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'We are going to continue to stay open': After a visit from Idaho State Police, Nampa bar risks losing liquor license

Slick's Bar owner Sheila Sartorius says she worked with the city to develop guidelines for reopening. However, ISP has authority over liquor licenses.

NAMPA, Idaho — Since reopening last Friday, Slick's Bar in Nampa has seen customers returning for the first time in nearly six weeks.

But under Idaho's plan to reopen businesses after the stay-at-home order was lifted, bars technically aren't supposed to reopen until stage three, which starts, at the earliest, on June 13.

During a Nampa City Council meeting last month, Mayor Debbie Kling said the city does not have the resources to continue enforcing a general closure.

"While we will continue to provide education and informational resources, for those businesses that choose to open sooner than recommended, we will not be issuing any criminal citations," Kling said on April 24.

Sheila Sartorius, the owner of Slick's Bar, says she worked with Kling's office and Nampa police to develop guidelines to reopen her bar on May 1, the same day Idaho's statewide stay-at-home order ended.

"They gave us some educational guidelines as well and shook my husband's hand and said welcome back," Sartorius said. "I mean, their goal was not to keep us shut down. Their goal was to help us reopen and educate."

RELATED: Nampa will enforce health guidelines as businesses prepare to reopen

Sartorius says everything was business as usual until Wednesday when Idaho State Police called the bar, then paid them a visit.

"What they told us is that our local mayor did not have the authority to open up our business," Sartorius said. "What they said is she has the ability to make the laws stricter, she doesn't have the ability to loosen them."

The troopers gave Sartorius a copy of the reopening guidelines and had her sign an 'on-premises' inspection report.

Sartorius says she believes ISP wasn't trying to shut her down, though they do have authority over the state's liquor licenses.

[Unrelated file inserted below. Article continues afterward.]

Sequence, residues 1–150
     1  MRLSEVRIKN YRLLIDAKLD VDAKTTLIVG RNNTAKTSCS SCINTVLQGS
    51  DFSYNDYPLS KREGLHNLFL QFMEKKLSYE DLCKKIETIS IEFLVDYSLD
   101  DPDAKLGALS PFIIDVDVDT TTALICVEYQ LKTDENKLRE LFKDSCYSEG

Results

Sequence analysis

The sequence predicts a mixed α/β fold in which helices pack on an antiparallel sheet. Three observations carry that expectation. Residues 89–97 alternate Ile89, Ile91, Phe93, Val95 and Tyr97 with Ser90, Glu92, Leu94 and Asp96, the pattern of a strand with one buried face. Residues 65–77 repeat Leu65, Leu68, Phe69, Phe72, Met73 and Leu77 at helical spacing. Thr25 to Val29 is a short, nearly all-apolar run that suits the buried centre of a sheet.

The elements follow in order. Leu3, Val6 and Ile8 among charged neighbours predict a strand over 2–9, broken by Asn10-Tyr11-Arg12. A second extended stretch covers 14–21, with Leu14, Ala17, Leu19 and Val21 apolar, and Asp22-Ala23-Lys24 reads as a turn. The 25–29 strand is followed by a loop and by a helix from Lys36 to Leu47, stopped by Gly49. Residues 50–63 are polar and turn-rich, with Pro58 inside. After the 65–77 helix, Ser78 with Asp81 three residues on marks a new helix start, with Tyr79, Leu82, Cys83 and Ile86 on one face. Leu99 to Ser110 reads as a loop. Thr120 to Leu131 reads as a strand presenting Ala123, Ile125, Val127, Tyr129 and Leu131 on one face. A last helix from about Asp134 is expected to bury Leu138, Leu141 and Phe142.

"The verbiage that they used is that we may lose our liquor license," she said. "Not that we will, it is 'may,' if they choose to pursue it."

So she contacted the mayor's office for clarification.

"I got an email back from the lieutenant of the police department, basically reiterating, restating what they had already said that when she allowed us to open," Sartorius said. "She said she wasn't guaranteeing our state license.

"But I said, we're not breaking any state liquor laws," she added. "We are operating under the plan that we gave the City Council to reopen our business and we are adhering to that."

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But questions over why her business is being singled out when others aren't is posing a problem.

"I went to Hobby Lobby yesterday and was in there with just tons of people, the parking lot was packed, so was Sportsman's Warehouse. So what makes them any different from me? That's what we don't quite understand," Sartorius said

We reached out to Idaho State Police and the Alcohol Beverage Control Bureau for comment.

In an email, ISP Capt. Brad Doty responded by saying:

"The Idaho State Police encourage and appreciate citizens voluntary compliance with the Rebound Idaho plan. ISP is aware of approximately one dozen reports of possible violations scattered throughout the state. At this time, ISP’s Alcohol Beverage Control Bureau continues to prioritize education, including providing notice of possible enforcement actions to those who may be operating in violation of the order. Guidance for establishments preparing to reopen can be found at https://rebound.idaho.gov/."

RELATED: Reopening Idaho: Who has authority in the process?

RELATED: 'Hopefully others follow suit': Nampa bar plans to open despite Gov. Little's stay at home order

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